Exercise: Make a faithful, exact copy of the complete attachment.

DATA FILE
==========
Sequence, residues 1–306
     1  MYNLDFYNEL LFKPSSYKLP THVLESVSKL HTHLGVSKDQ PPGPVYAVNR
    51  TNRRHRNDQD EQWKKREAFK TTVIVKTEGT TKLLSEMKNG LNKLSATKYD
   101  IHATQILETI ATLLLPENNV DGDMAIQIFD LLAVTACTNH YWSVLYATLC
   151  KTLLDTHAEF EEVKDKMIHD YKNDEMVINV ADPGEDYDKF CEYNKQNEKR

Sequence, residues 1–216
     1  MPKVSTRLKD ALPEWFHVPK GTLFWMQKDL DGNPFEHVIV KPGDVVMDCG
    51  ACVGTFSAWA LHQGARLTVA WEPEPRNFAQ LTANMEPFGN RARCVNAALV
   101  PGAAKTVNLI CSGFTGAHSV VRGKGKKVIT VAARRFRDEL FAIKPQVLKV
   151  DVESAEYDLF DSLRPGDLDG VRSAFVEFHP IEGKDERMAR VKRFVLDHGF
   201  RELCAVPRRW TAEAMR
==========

Sequence, residues 1–306
     1  MYNLDFYNEL LFKPSSYKLP THVLESVSKL HTHLGVSKDQ PPGPVYAVNR
    51  TNRRHRNDQD EQWKKREAFK TTVIVKTEGT TKLLSEMKNG LNKLSATKYD
   101  IHATQILETI ATLLLPENNV DGDMAIQIFD LLAVTACTNH YWSVLYATLC
   151  KTLLDTHAEF EEVKDKMIHD YKNDEMVINV ADPGEDYDKF CEYNKQNEKR

Sequence, residues 1–216
     1  MPKVSTRLKD ALPEWFHVPK GTLFWMQKDL DGNPFEHVIV KPGDVVMDCG
    51  ACVGTFSAWA LHQGARLTVA WEPEPRNFAQ LTANMEPFGN RARCVNAALV
   101  PGAAKTVNLI CSGFTGAHSV VRGKGKKVIT VAARRFRDEL FAIKPQVLKV
   151  DVESAEYDLF DSLRPGDLDG VRSAFVEFHP IEGKDERMAR VKRFVLDHGF
   201  RELCAVPRRW TAEAMR